Their operations of providing at most 150 jobs (we don’t know at what rate but we’ll assume they are decent) for the 18,000 policyholders in New Brunswick brings them approximately $18 million per year (from their numbers).

    That’s 18 million that is going to their head offices in Kitchener, Ontario. With public insurance that would provide 360 jobs at $50,000 apiece-and that’s just from ONE company. So, three times the jobs for an equal investmert-or perhaps lower premiums! Hmmmmm

    Next, here’s an Ipsos Reid survey, to be fair it was done for a credit union, if you’re the kind of person who disbelieves all surveys according to who pays for them then I suggest you simply do a search on ‘banking fees’ and see what pops up. I’ve certainly seen LOTS of evidence people are not happy with their banking system, but that’s something that can be debated:

    VANCOUVER, Dec. 30 /CNW/ – You may be paying on average as much as $258 a year ($21.50 a month) in banking fees on your main chequing account, according to the results of a new nationwide Ipsos-Reid survey. Several groups are not happy about it. The poll was carried out by Ipsos-Reid on behalf of Coast Capital Savings and interviewed 800 Canadians, between the ages of 19 and 55, from coast to coast in November 2004. Its findings can be projected to this age group within a margin of error of plus or minus 3.5 per cent, nineteen times out of twenty.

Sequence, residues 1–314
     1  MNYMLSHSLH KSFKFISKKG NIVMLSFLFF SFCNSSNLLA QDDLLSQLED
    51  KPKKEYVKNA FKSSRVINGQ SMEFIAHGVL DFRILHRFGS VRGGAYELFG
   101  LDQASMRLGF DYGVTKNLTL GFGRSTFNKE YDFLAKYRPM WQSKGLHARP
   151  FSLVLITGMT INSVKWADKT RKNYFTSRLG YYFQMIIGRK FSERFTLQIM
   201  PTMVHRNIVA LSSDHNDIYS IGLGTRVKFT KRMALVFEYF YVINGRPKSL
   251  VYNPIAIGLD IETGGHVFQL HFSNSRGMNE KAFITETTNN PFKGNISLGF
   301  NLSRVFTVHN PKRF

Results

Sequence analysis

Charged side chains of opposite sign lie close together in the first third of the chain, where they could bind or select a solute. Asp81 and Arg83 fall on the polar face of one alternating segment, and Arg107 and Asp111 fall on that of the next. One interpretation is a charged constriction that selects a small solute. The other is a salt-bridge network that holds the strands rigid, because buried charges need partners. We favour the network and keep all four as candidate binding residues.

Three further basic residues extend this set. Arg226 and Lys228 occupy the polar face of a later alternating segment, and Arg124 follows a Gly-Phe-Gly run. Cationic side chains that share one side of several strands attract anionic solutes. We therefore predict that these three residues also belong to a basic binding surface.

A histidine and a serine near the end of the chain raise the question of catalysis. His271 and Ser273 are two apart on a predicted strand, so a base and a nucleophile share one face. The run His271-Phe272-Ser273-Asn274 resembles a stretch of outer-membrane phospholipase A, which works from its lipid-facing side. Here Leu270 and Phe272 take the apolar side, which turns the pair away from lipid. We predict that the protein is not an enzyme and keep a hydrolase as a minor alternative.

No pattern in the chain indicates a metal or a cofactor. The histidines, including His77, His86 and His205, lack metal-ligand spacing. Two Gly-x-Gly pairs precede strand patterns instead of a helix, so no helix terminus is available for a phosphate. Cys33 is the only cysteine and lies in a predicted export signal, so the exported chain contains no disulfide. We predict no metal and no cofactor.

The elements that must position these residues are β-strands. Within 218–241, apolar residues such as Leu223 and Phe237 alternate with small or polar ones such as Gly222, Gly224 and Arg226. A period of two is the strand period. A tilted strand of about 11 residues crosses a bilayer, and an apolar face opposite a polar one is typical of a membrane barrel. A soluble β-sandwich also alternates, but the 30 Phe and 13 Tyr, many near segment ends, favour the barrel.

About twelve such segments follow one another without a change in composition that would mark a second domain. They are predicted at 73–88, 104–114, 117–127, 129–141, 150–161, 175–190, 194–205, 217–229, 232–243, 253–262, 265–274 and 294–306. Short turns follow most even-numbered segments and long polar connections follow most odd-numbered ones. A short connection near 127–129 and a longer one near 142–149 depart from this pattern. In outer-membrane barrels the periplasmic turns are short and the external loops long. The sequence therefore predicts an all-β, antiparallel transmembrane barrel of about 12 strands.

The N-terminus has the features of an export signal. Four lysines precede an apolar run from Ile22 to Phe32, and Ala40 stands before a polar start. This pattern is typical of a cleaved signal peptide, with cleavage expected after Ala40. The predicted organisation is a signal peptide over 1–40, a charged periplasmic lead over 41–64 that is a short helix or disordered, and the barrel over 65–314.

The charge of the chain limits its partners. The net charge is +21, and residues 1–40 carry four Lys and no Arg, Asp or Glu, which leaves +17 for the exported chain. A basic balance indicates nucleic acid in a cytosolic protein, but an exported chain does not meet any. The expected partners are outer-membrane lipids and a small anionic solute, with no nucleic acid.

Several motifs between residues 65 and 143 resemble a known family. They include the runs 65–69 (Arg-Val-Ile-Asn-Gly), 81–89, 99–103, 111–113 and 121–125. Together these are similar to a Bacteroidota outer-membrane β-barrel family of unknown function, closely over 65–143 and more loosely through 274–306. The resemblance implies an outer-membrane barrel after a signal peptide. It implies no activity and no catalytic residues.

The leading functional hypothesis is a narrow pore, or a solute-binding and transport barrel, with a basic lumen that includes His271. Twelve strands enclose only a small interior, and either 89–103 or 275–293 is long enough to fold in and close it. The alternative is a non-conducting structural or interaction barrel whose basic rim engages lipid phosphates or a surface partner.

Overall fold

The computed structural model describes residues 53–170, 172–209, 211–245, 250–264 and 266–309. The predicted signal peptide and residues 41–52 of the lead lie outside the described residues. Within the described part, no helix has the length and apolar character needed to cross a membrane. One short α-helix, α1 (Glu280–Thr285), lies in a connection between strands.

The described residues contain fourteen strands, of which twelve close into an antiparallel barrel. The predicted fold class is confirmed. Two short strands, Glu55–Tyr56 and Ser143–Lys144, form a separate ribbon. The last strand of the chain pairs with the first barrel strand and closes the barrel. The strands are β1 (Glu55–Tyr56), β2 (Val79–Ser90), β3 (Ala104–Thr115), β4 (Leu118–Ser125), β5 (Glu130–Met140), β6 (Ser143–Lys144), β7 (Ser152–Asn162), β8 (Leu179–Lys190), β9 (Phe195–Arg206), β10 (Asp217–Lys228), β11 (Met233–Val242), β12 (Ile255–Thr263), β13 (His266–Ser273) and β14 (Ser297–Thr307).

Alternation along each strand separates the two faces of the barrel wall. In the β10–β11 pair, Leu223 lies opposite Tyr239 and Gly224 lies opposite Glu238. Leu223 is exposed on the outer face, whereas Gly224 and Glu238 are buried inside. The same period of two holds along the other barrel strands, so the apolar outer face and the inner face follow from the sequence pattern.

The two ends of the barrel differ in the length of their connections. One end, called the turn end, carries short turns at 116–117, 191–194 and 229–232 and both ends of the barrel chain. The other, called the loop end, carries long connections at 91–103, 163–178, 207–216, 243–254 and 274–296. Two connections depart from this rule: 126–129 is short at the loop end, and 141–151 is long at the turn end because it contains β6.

Some key findings about Canadians in this age group:

    – A sizeable minority (40 per cent) of people who hold chequing accounts think their main chequing account service fees are unfair.

    – Men are significantly more likely than women to think that their chequing account service fees are unfair (47 per cent of men compared to 32 per cent of women).

    – Credit union members are significantly less likely than bank customers to feel that the service fees they pay on their main chequing account are unfair (29 per cent of credit union members compared to 43 per cent of bank customers).

    Lawrie Ferguson, Coast Capital Savings Senior Vice President, Marketing, said while the public can take steps to minimize service fees (see tips below), the survey results send an important message to financial institutions. “These findings indicate that while the whole issue of banking service fees may have disappeared from the headlines in recent years, it certainly hasn’t gone away for the average consumer,” Ferguson said. “It’s clear that many people still feel the financial services industry is charging them more than it should for the right to access their own money.”

    Lord, sometimes its just TOO easy.

  5. Anonymous says:

    “Small businesses have long complained about the lack of responsiveness to their concerns from Canadian banks.

    “The country’s six largest banks enjoy the major share of the small business market, (but) it cannot be emphasized enough that the competition they face with one another and with financial institutions as a whole, motivates them to improve servicing,” Catherine Swift, president of the Canadian Federation of Independent Business, told the House Commons Finance Committee earlier this year.
    (arguing against mergers)

    http://press.arrivenet.com
    /business/article.php
    /650429.html

    MELOCHE MONNEX,